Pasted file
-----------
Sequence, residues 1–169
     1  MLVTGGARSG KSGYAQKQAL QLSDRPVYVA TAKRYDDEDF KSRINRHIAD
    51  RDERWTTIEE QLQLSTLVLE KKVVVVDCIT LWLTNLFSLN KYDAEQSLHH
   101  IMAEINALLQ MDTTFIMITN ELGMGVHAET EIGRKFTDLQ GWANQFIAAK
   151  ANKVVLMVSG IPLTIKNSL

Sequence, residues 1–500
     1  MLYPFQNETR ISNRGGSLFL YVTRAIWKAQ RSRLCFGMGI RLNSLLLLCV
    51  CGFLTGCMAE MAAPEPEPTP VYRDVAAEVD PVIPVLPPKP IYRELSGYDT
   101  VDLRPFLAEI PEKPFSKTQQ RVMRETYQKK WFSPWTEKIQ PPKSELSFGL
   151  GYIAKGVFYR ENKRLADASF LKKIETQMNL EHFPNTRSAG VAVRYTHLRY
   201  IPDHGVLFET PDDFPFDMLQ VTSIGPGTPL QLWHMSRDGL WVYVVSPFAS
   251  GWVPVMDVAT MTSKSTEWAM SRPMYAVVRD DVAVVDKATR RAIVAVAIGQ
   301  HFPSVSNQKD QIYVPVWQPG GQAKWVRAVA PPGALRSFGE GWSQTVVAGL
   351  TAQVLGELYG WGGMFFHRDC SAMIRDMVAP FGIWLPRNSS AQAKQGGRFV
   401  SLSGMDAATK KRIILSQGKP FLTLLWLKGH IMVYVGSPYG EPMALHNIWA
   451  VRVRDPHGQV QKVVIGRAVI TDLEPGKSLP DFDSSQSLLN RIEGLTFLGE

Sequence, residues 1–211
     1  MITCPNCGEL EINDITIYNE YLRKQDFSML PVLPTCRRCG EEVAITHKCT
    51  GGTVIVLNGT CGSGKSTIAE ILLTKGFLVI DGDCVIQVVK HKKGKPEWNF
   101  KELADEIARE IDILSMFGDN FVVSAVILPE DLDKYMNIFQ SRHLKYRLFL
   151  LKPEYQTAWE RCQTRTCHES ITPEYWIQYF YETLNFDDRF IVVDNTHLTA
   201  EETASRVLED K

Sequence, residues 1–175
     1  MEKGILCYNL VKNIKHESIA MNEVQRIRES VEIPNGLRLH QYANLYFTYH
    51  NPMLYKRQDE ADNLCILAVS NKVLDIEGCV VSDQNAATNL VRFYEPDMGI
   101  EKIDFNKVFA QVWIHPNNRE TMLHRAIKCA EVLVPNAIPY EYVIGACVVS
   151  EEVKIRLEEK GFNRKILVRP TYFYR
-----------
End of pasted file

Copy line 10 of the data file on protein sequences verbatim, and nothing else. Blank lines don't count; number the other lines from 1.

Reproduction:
   151  GYIAKGVFYR ENKRLADASF LKKIETQMNL EHFPNTRSAG VAVRYTHLRY